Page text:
Dreamy eyes, luxuriously thick hair, a well-toned body. Matchmakers Liz Maslow and Meg Boscov thought the shapely beauty named Tasha was just who their client was looking for.
When they tried to get to know her better, however, she was a bit standoffish.
"Hi, sweetie," said Boscov.
Tasha wouldn't even look at her.
"She's overwhelmed," Boscov said to Maslow. "We need [a prospect] not as sensitive."
So it was on to the next dog - yes, dog, as in four legs and a tail.
It was another day for Main Line Mutt Match, a sort of interspecies eHarmony aimed at finding problem-free pets for people wanting rescued dogs. As canine matchmakers, Boscov and Maslow scour shelters for the perfect pooches, looking for more than a pretty face and wet nose.
Every prospective pet gets a temperament test to make sure it is well-behaved and will fit seamlessly into its new owner's home. Like a dog version of play therapy, the trainers use props and even dress like crazed mashers to gauge the animal's reaction.
Too timid? Snaps when food is taken away? Growls at other dogs? That kind of attitude won't win an orphaned pup a forever family.
The idea of matching dogs and humans is a winner, said Mychelle Blake, a spokeswoman for the Association of Pet Dog Trainers. There are trainers who do pre-adoption counseling, but no others she knows of who actually pick and screen adoptees.
"Having a trainer go with you [to select a dog] is invaluable," she said. "That border collie may be cute, but it's going to herd your children around, and it's going to drive you crazy because it needs mental stimulation."
Mutt Match has placed six dogs since it started eight months ago. Last week, Boscov and Maslow, both dog trainers, were at the Last Chance Ranch dog shelter in Quakertown looking for a medium-to-large Lab mix for a family from Devon. The dog would have to withstand a lot of wear and tear, since the family has three boys, ages 4, 7, and 9.
"They seemed to know what type of dog would fit well with our family," said mother Rebecca Emory. "We could have done the research, but who has the time?"
In an initial meeting, Boscov and Maslow asked the Emorys what type of dogs they liked. Some suggestions were better than others. Labs, friendly and good with kids, worked. Overprotective German shepherds, not so much.
Though Tasha and her lookalike sister, Tabitha, seemed to fill the bill, both were too skittish.
"Very sweet dogs," said Maslow, "but not outgoing enough."
The next dog, Angel, a mid-size Lab mix with yellow eyes and dark-blond fur, was more promising.
When Last Chance trainer Sonja Meyers brought her out, Angel immediately sat and nuzzled Boscov's leg. She also lifted a forepaw, indicating submissiveness. Everyone oohed and aahed as if she had just won the Westminster Dog Show.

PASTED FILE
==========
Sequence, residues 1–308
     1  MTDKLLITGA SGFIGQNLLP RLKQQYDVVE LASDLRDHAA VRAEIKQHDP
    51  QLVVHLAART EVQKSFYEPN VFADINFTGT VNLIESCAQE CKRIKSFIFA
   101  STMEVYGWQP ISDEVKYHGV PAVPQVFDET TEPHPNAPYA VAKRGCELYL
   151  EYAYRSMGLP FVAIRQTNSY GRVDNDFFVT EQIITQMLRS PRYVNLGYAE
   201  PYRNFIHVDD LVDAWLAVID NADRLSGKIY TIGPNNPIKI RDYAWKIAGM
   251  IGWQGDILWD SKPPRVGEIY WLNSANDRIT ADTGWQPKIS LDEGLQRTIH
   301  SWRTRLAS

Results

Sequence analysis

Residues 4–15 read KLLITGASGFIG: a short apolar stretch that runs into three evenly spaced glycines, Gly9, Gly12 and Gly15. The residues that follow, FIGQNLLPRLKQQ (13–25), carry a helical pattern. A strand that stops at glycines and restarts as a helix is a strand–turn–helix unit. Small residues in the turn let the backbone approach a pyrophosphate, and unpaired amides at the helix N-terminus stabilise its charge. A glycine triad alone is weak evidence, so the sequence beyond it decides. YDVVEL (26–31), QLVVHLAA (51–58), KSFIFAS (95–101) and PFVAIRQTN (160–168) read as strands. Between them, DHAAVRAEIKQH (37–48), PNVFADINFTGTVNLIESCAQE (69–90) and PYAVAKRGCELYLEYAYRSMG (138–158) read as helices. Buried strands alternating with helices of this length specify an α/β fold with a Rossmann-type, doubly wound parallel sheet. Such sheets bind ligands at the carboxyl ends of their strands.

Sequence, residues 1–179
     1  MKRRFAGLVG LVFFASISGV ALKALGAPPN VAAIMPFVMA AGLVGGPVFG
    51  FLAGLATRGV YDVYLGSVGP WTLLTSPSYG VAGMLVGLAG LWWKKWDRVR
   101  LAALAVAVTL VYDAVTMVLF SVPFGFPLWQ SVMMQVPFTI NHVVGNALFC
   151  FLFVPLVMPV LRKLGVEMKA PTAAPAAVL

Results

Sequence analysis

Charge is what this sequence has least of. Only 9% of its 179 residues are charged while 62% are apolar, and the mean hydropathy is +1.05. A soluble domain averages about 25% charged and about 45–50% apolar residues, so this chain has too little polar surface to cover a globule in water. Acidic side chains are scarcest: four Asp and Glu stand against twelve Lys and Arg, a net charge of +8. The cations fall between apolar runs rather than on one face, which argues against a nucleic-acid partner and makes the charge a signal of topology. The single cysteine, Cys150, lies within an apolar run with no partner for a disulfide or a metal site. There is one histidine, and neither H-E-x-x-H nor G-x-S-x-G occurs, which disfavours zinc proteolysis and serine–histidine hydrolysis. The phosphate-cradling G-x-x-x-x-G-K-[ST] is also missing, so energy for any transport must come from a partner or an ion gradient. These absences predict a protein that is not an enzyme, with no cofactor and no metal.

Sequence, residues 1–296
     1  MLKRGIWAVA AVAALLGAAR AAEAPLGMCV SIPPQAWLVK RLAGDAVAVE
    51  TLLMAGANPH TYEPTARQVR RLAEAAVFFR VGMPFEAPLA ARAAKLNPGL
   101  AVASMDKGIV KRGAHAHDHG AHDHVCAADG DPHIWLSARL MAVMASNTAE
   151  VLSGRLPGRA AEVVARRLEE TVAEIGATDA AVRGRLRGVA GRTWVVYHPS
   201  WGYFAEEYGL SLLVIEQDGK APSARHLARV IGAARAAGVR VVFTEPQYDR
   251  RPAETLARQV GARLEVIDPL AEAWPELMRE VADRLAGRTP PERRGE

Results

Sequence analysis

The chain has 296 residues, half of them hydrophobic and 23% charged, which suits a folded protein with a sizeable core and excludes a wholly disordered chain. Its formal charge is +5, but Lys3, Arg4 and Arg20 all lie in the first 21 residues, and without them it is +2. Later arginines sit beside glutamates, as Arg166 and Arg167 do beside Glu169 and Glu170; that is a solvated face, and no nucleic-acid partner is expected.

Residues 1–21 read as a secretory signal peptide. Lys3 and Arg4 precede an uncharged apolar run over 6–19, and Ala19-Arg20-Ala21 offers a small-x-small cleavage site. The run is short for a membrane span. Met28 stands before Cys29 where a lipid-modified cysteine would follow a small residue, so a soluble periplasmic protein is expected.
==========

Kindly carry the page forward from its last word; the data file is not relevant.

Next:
Then they showed her a stuffed basset hound and a baby doll, and Angel just sniffed, another good sign.
"You don't want to see lunging," said Maslow.
She also passed the handling test with flying colors, allowing Boscov to check out her ears, paws, and tail.
Next, Boscov offered her a big pig's ear, to see whether she had food issues, but Angel turned up her nose. She then gobbled a plate of canned food and didn't mind being touched - by a fake hand on a stick so Boscov didn't lose her own hand - or having the food taken away.
The best thing about the year-old dog was that she was good with children, according to Meyers, who said that recently, an 8-year-old visitor "flipped her over, pulled her tail. She loves kids, no doubt about it."
"She seems to love everybody," said Maslow. "And we love her."
But that was before they met Tessa, she of the shiny black coat and engaging personality. Not only did the bouncy Lab mix pass all the behavior tests, she did it with more verve than Angel.
"She's not as sensitive as Angel. . . . I prefer her," said Boscov, snapping pictures to send to the Emorys.
So far, only a few shelters allow the trainers to temperament-test their dogs, but such prescreening is crucial to matching dog and owner, the women say.
A few days earlier, they had come across Jake, a beautiful 10-month-old yellow Lab that seemed perfect for their clients. After getting to know him better, they decided he was too demanding for the first-time pet owners.
"They would have been overwhelmed," said Boscov. "Even though he was gorgeous."
Boscov and Maslow ask for a $200 donation for their services. That includes a training session for the new pet and owner. They also offer a discount on their dog-obedience classes.
Most people pay the full price, but the women say they will take whatever the client can afford, as adopting a dog can be as expensive as buying one. Some rescue groups charge up to $500 per pet. Last Chance's fee is from $150 to $300.
Having a new pet at Christmas will be hectic, but Emory said the family was up for the challenge - just as long as the dog isn't a big drooler and doesn't shed too much.
"It's nice that they do the legwork," Emory said of Mutt Match. "I couldn't have taken my kids and schlepped around to all these shelters."